The image at 2717 s displays the initial region of the specimen that is nearly devoid of any contrast. The two squares colored in red and green are portrayed from where atomic scale imaging was carried out and to be presented later. The contrast in the WS2 prior to Li insertion can be ascribed to creation of strain during mechanical exfoliation. The observed changes in the contrasts during the intercalation process can be attributed to the localized strains developed during Li intercalation into the WS2 interlayers. Subsequently, the diffraction-contrast imaging conditions change and may lead to the appearances and disappearances of imaging features.

The SAD pattern and XEDS profile of the pre-lithiated region of WS2 are presented in Fig. 6(a,b). The pattern was indexed, and the phase was found to be those of 2H-WS2 (ICDD # 00-008-0237). The XEDS clearly shows the peaks of W and S; presence of peaks corresponding to Ti and Cu in the profile is from TEM-STM holder and Cu-grid, respectively. SAD pattern, energy-filtered TEM map, and EELS profile of the post-lithiated specimen from the same area is shown in Fig. 6(c–e), respectively. Superlattice reflections and arcs have been observed in the SAD pattern of the post-lithiated specimen. The analysis revealed the presence of coexisting LixWS2 and Li2S (ICDD # 01-070-5970) phases (green arcs) in addition to 2H-WS2 (cf. Fig. 6c). It is noteworthy here that the reflections corresponding to 2H-WS2 are more extended in nature compared to that of the aforementioned pre-lithiated pattern. This is suggestive of the fact that the large grains of pre-reacted 2H-WS2 have been fragmented into several crystalline domains with a small angle of misorientation between one another. The energy-filtered image acquired from the post-reacted region exhibits mottled contrast with Li-rich nanometric domains further substantiates the finding of Li2S phase from SAD pattern. The EELS profile revealed energy-loss edges corresponding to Li-K (55 eV), W-O (36 eV), and S-L (165 eV) as given in Fig. 6(e). This confirms that intercalation of Li has taken place in the 2H-WS2.

Figure 6
figure 6

(a) SADP indexed as 2H-WS2 phase and (b) XEDS profile from the pristine WS2. Figures (c), (d), and (e) depict SADP, EFTEM map and the EELS profile from the post-lithiated WS2, respectively. Coexistence of LixWS2 and Li2S phases (green arcs) with WS2 are shown in the SADP. Energy-filtered TEM map (Li in red, W in green) indicates a possible phase separation reaction. EELS confirms the presence of Li in the reacted specimen. Peaks correspond W-O and S-L energy-loss edges are also shown in the profile.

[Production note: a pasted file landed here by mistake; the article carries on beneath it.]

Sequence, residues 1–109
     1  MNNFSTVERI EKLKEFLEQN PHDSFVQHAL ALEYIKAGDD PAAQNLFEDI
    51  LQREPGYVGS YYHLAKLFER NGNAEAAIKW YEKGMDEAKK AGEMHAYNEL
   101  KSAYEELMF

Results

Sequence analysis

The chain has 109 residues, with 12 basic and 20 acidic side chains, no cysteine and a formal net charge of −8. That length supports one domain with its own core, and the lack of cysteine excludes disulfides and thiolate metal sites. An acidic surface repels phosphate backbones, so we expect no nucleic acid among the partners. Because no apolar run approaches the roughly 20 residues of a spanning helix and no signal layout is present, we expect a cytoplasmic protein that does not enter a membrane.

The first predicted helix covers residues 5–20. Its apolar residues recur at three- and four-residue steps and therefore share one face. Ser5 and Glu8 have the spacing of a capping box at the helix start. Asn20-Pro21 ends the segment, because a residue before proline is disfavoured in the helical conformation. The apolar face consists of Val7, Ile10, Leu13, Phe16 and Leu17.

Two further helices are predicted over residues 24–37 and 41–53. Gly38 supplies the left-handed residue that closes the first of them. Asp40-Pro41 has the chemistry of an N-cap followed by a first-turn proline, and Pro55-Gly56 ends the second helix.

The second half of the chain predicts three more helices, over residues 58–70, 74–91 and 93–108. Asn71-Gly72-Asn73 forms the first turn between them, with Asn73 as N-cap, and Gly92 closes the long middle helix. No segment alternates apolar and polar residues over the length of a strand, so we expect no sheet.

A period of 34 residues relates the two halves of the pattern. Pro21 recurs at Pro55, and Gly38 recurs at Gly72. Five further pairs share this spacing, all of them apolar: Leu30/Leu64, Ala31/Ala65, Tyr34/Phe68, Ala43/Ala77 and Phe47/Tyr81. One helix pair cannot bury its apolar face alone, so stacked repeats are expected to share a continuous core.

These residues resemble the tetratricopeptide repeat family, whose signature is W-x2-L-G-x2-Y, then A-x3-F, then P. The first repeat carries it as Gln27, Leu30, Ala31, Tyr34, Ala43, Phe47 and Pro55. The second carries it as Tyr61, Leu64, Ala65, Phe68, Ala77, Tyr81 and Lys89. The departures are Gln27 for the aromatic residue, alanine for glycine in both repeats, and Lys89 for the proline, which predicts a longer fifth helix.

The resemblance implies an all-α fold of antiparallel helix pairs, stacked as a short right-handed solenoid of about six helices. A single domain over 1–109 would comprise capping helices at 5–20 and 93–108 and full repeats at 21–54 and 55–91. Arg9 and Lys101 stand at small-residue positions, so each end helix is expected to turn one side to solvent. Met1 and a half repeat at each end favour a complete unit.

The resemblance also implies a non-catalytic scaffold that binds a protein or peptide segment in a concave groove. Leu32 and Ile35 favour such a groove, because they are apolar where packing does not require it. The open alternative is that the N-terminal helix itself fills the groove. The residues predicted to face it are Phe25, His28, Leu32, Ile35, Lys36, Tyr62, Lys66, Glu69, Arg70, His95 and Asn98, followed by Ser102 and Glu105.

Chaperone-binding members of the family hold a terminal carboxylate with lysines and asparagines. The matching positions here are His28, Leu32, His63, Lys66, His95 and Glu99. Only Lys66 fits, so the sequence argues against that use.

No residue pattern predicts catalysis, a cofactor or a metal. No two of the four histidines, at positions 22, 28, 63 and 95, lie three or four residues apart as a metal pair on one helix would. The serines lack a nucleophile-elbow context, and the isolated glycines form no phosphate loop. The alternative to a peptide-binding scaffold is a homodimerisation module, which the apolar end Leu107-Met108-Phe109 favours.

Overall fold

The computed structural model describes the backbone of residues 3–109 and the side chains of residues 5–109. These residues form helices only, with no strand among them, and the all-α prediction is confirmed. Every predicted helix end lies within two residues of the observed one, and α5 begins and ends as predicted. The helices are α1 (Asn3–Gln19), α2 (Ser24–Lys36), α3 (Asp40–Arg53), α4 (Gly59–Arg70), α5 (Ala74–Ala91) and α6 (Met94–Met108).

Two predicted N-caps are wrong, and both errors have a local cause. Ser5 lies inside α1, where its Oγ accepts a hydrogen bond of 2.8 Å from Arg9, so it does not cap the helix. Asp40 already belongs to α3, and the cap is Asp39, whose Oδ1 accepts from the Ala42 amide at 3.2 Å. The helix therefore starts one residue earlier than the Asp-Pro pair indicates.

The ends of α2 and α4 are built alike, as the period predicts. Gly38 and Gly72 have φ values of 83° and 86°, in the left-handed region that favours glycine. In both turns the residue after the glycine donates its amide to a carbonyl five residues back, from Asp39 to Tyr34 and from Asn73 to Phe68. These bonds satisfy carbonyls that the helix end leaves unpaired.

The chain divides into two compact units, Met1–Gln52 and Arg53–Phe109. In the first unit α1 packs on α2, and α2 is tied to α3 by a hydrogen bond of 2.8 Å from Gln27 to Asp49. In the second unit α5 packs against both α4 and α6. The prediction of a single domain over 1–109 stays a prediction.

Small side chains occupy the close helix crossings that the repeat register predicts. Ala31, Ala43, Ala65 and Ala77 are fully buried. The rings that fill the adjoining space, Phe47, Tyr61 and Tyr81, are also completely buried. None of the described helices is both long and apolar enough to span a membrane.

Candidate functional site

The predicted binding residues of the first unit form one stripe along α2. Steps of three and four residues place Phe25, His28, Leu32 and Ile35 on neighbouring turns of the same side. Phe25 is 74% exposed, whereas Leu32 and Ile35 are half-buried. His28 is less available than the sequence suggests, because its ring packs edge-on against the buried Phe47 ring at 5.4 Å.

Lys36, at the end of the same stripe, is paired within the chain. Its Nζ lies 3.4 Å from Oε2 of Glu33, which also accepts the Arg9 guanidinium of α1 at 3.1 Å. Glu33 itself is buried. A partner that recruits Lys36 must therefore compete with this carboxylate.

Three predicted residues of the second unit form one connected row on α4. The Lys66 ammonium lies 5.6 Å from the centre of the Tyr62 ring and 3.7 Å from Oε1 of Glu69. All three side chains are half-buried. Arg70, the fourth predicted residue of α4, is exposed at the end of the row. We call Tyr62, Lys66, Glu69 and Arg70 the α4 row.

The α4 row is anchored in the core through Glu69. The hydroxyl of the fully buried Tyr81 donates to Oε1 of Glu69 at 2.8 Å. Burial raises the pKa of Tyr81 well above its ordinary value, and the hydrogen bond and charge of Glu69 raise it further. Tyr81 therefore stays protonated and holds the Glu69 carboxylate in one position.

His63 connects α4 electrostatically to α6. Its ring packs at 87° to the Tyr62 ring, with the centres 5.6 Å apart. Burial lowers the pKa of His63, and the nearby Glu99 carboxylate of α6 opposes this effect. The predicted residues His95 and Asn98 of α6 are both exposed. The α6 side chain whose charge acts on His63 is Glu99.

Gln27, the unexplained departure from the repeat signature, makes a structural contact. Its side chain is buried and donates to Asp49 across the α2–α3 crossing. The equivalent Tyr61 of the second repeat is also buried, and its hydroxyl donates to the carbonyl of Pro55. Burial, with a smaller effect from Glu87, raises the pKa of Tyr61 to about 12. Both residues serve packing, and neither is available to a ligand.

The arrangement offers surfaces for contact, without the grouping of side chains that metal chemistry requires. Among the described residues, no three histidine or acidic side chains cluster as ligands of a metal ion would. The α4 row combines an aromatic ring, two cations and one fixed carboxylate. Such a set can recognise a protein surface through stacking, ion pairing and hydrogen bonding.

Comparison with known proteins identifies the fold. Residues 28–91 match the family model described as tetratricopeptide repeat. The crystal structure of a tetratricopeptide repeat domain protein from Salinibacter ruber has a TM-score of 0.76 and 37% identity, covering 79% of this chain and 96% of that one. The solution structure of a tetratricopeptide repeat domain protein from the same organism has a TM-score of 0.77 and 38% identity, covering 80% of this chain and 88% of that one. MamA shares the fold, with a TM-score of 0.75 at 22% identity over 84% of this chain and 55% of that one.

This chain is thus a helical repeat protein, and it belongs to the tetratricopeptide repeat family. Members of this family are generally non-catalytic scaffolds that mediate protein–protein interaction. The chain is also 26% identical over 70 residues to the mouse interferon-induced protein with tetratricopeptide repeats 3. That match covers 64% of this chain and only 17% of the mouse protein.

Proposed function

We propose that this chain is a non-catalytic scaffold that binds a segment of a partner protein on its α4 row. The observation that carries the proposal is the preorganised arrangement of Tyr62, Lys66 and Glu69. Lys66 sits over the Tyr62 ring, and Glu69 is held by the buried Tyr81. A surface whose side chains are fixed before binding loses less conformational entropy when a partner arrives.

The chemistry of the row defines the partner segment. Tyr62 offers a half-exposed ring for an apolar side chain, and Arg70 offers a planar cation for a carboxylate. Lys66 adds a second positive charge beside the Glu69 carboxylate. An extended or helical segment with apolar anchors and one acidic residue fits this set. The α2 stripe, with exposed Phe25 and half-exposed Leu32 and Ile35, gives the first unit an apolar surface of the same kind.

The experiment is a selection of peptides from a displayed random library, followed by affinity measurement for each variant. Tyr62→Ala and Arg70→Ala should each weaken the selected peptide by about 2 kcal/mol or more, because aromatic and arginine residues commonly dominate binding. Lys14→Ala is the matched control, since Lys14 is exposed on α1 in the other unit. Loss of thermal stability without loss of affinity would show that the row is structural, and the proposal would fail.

As mentioned earlier, the atomic-scale imaging has been performed from the region shown as dotted red square (cf. Fig. 5, 2717 s). Figure 7 shows a representative high-resolution TEM image from the post-lithiated specimen (Fig. 7a) with the power spectrum as inset, accompanied with selected nanocrystalline domains highlighted in red, green and blue squares presented in Fig. 7(b–d), respectively. The smaller crystalline domains of 2H-WS2 are observed and correspond to the appearance of less sharp spots (identified by a yellow arc) in the power spectrum. The magnified version of such a region is shown in the Fig. 7(c); the lattice fringe spacing of ~ 0.25 nm corresponds to the 01 \(\overline{1 }\) 2 plane spacing of the 2H-WS2 phase (ICDD # 00-008-0237). Additionally, two crystalline domains possessing the LixWS2 phase are presented in Fig. 7(a,c), respectively. In this case, lattice-fringes spacing are measured to be ~ 0.36 nm and a corresponding long-range periodicity in the power spectrum is marked with the red arc. It is interesting to note that the during Li intercalation, the host matrix is decomposed and lost its long-range periodicity. This nature is further evident from the relatively smaller crystallites size in the post reacted specimen indicating the occurrences of grain fragmentation due to Li intercalation.